Possible G-Braves position players’ stats from Tuesday:
Peterson (2B), 1-for-3, 2B, 2 R, BB, 2 K, SB.
Johnson (1B-3B), 1-for-3, 2B, R, RBI, K.
Terdoslavich (LF-1B), 1-for-4, 2B, R, RBI, K.
Todd Cunningham (RF), 1-for-3, R, K.
Pedro Ciriaco (2B-3B), 1-for-1, RBI.
Jose Constanza (LF), 0-for-2, K.
Braeden Schlehuber (C), 0-for-1.
Joe Benson (CF), 0-for-1.
John Buck (DH, pinch hit), 0-for-1.
Phil Gosselin (SS), 0-for-0, BB, fielding error in the eighth inning.
Meanwhile, a trio of pitchers who could appear for the G-Braves this season were part of the relief corps that finished the game after starter Shelby Miller (W, 1-1) held the Red Sox scoreless through four innings.
RHP Brandon Cunniff, 1.0 IP, 3 H, ER.
RHP Juan Jaime (H, 2), 1.0 IP, BB, K.
RHP Sugar Ray Marimon, 1.0 IP, H, ER, BB.
Atlanta will return to their home Spring Training facilities to play the New York Yankees at 6:05 p.m. Wednesday at Champion Stadium in Lake Buena Vista, Fla.
A pair of potential 2015 Gwinnett Braves were the only Atlanta players to cross home plate Thursday, as the New York Yankees nipped the Braves 3-2 in Tampa, Fla.
Catcher Braeden Schlehuber pinch ran for catcher Christian Bethancourt in the fifth inning after Bethancourt drilled a one-out double to right field. Center fielder and possible G-Brave Todd Cunningham followed two batters later with a single to right to drive in Schlehuber and tie the game 1-1. Schlehuber grounded out to shortstop in his only at-bat, and Cunningham went 1-for-3, overall.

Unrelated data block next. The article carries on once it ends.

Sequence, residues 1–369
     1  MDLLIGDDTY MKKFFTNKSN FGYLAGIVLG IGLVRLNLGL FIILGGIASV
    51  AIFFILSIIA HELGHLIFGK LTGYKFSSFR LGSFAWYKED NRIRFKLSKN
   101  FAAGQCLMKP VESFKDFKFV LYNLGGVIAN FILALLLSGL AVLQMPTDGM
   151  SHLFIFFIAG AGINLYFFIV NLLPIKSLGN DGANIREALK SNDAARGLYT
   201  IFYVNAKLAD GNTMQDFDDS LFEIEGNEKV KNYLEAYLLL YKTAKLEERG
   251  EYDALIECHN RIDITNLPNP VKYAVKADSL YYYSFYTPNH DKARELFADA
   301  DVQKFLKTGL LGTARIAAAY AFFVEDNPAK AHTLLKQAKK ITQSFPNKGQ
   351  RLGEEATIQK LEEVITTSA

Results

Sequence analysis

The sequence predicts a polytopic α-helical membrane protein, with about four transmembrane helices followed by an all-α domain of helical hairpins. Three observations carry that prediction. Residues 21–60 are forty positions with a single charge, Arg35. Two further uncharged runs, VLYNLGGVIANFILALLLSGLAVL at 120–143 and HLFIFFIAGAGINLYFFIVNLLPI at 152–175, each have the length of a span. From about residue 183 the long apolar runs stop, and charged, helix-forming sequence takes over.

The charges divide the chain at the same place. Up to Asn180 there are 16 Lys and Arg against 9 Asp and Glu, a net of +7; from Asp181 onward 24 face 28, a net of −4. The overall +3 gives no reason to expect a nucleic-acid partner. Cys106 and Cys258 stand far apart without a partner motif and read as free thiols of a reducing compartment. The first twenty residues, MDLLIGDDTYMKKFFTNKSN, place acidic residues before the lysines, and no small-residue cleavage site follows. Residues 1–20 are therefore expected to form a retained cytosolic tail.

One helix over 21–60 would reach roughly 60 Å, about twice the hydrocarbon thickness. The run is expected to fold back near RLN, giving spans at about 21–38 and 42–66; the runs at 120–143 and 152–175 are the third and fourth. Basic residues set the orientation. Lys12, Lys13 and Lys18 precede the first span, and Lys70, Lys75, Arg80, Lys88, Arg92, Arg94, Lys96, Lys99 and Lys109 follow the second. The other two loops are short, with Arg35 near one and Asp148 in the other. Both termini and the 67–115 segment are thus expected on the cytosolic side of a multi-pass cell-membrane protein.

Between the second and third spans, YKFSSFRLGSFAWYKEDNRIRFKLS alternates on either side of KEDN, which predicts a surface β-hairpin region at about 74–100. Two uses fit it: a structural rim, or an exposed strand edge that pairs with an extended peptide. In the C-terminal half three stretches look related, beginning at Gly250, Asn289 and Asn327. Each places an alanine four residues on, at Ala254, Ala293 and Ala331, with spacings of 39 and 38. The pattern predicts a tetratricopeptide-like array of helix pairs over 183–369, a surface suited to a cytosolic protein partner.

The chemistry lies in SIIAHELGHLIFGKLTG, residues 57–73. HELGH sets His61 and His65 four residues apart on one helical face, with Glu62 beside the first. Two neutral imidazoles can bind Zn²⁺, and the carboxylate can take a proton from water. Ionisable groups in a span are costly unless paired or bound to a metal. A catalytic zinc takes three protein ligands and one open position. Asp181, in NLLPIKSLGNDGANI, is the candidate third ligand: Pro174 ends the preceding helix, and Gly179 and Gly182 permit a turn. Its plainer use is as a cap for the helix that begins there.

Infielder Pedro Ciriaco, a potential G-Brave who spent time Thursday at second base and shortstop, then led off the sixth with a base hit and came around to score on a sacrifice fly by designated hitter Alberto Callaspo. Ciriaco finished the game 1-for-3.
Other possible G-Braves players’ stats from Thursday vs. the Yankees:
Joey Terdoslavich (RF-1B), 1-for-3, K.
Cedric Hunter (LF), 0-for-1.
Jesus Flores (C), 0-for-1.
Jose Yepez (DH, pinch hit), 0-for-1.
Two potential Gwinnett pitchers also each threw a scoreless inning of relief. Right-hander Michael Kohn worked around one hit and a hit-by-pitch in the fifth. Fellow righty Sugar Ray Marimon allowed a two-out double in the eighth but also struck out the side.
Atlanta will play a couple of split-squad contests Friday. A portion of the team will play a home game against the Detroit Tigers at 1:05 p.m. at Champion Stadium in Lake Buena Vista, Fla. The rest of the squad will travel to face the New York Mets at 1:10 p.m. in Port St. Lucie.
Potential members of the 2015 Gwinnett Braves supplied four of six hits Wednesday for the Atlanta Braves, which fell to the St. Louis Cardinals 6-2 at Champion Stadium in Lake Buena Vista, Fla.
Joey Terdoslavich took over at first base for Freddie Freeman in the seventh inning and provided the Braves’ first run of the game the following inning with a one-out single to drive in center fielder Eric Young, Jr. Terdoslavich grounded out in his only other at-bat in the ninth inning to end the game.